Understanding and Coping with Anxiety

Written By:  Deborah Sloss, LCSW  |  ACS Site Supervisor, On-Campus Counseling Program 

Most of us have experienced anxiety at some point in our lives. Some people even feel a moderate amount of anxiety spurs them to action.  However, for others, anxiety can start to interfere with their day-to-day functioning.  According to the National Institute of Mental Health, anxiety disorders are among the most common mental disorders experienced by Americans; as many as 25% of teens and adults will experience some form of significant anxiety during their lifetimes.

While anxiety is a normal reaction to stress, when anxiety becomes overwhelming, it can be debilitating and affect general well-being, social life, academic performance and social interactions.  And while the person suffering may realize their worry is excessive, they may also have difficulty controlling it.  For example, a person may avoid situations that cause anxiety or suffer through them with little enjoyment and lots of distress.

If anxiety is interfering with your day-to-day life, there are steps you can take to reset this balance.  Understanding more about anxiety itself and learning ways to identify the anxious components in your own thoughts, feelings and behavior can lead to effective ways to cope and manage anxiety.

Three Components of Anxiety

There are three major components of anxiety: physical sensations, thoughts (cognitions) and behaviors.

  • The physical sensations of anxiety may include feeling wound-up, tense or restless, fatigue, difficulty concentrating, irritability, muscle tension, difficulty with sleep, and stomach pains. In more severe cases, panic attacks may result in heart palpitations, shortness of breath, lightheadedness, nausea, sweating, shaking, a choking feeling, chest pain, chills, and numbness.
  • Anxious thoughts (also called cognitions) can be about suspected danger, fear of dying, fear of losing control, and worry about having additional panic attacks.  For example, one might fear that chest pains caused by anxiety are a deadly heart attack or that the shooting pains in one’s head are the result of a tumor or aneurysm. One might have intense and recurrent thoughts of dying.  Anxious thoughts may also result in nightmares or bad dreams, and feeling like everything is scary.
  • Anxious behaviors might include: reduced eye contact, nail biting and other nervous habits, or an increase in motor activities, like foot tapping. One may also avoid situations or withdraw from activities that previously caused discomfort.

It is important to note that “…when a person becomes anxious, the cognitive, physical, and behavioral components of anxiety interact with each other…For example, an anxious thought may lead to increased heart rate and muscle tension, which in turns leads to more anxious thoughts” (Hope, Heimburg and Turk, 29-30).

What can we do to manage anxiety?

While there are a number of methods that have proven helpful in addressing the physical component of anxiety, this article will focus on Cognitive Behavioral Therapy (CBT), a research-based technique that helps manage the thoughts and behavior generated by anxiety.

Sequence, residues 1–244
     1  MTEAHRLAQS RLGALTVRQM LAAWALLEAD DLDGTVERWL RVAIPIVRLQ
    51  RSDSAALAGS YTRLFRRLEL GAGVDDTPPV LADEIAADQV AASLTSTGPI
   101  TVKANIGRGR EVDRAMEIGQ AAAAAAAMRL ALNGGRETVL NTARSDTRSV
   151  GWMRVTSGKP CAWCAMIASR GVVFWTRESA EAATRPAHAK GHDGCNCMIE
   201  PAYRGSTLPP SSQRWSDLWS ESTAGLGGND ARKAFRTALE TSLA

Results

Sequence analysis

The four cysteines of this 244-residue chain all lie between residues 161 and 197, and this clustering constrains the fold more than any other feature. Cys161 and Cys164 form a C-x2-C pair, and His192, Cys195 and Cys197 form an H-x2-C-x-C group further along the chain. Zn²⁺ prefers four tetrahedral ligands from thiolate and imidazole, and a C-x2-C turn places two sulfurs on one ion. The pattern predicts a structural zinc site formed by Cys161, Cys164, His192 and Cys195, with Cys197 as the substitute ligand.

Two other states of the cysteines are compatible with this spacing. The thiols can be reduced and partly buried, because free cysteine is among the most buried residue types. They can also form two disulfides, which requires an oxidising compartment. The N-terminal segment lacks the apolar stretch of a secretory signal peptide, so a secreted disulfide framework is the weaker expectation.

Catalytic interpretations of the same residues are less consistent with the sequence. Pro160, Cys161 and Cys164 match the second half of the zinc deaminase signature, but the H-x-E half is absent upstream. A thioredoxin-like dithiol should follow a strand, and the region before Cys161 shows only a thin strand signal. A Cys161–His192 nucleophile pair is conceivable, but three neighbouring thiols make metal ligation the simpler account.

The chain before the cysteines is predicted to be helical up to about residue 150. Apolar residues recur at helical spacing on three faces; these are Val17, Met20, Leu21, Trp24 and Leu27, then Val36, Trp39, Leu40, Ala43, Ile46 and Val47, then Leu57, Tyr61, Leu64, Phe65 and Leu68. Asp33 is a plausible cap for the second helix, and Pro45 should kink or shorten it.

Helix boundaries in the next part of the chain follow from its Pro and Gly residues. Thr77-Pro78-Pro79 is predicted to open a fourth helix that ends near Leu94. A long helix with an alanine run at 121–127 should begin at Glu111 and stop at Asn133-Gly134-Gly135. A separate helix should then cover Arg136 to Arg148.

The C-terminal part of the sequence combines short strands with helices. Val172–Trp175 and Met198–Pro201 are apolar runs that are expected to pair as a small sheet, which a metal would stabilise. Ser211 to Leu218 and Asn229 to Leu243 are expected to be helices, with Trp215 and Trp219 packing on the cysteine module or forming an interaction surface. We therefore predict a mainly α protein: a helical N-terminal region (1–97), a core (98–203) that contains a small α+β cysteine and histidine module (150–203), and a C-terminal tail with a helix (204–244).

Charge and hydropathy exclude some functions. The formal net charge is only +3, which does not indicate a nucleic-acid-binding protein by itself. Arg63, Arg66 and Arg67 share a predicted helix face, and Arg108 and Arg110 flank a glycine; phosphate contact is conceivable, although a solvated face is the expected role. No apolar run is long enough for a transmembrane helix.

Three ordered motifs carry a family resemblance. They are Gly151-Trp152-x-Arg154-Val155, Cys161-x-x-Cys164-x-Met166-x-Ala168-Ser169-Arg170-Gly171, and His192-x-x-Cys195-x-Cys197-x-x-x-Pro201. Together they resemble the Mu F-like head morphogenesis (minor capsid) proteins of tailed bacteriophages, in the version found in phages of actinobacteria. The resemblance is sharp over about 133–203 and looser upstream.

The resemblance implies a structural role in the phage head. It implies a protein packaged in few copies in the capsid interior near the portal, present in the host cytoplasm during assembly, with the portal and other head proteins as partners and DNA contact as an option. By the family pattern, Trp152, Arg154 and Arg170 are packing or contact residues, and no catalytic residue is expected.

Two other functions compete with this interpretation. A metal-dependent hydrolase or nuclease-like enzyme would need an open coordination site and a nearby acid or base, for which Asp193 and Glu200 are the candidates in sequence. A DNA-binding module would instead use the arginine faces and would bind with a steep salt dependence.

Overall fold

CBT was developed in the mid 1950s and early 1960s by Drs. Albert Ellis and Aaron Beck.  CBT therapists realized that understanding the interaction between thoughts, feelings and events is the first step in successfully managing anxiety.

These ideas were later expanded on by Dr. David Burns. In his book, Feeling Good, The New Mood Therapy, Burns explains that our interpretation of events is often governed by negative or “automatic” thoughts, which can result in anxiety.

Here are some examples of automatic, negative and anxious thoughts that may sound familiar:

  • I’m going to fail this test
  • I will never get into a good college
  • All of the kids at school think I’m a loser

Talking Back to Automatic Thoughts

It can take time to figure out how one’s thoughts are tilted toward the negative.  Once we can do that, we can start “talking back” to our thoughts and we are on the way to feeling less anxious.  Dr. Burns says, quite simply and powerfully, that by changing the way we think, we can change the way we feel (Burns, 29).

One example of a more balanced, less negative thought to “talk back” to anxiety might look like this:

I’m afraid I am going to fail this test and so sometimes I want to throw my hands up and not study.

  • Here the student is acknowledging where her anxiety is coming from.

But, I’m kind of ignoring the positives here.

  • This is identifying how this thought might be distorted.

I actually have studied all week and kind of know what I am talking about!

  • This is a more balanced thought about the situation, with some hope added in.

By stepping back and looking at her automatic thoughts more objectively, the student was able to create a shift in her thinking. By substituting a more positive and realistic thought for the negative one, she is on the road to changing how she feels.


Anxiety is something we all deal with.  This article focuses on the cognitive aspect of anxiety.  When we find ourselves feeling anxious or upset, it is important to tune into our feelings and identify negative or automatic thoughts that accompany these feelings. Can we take a step back and ask ourselves if there is another way to look at the situation?  If we can substitute realistic, positive thoughts for negative ones, then we are on our way to managing anxiety.



Managing Social Anxiety: A Cognitive-Behavioral Therapy Approach (Workbook): Hope, D.A., Heimburg, R.G., and Turk C. (2010)

Feeling Good, The New Mood Therapy, Dr. David Burns

Image: Brain Power, modup.net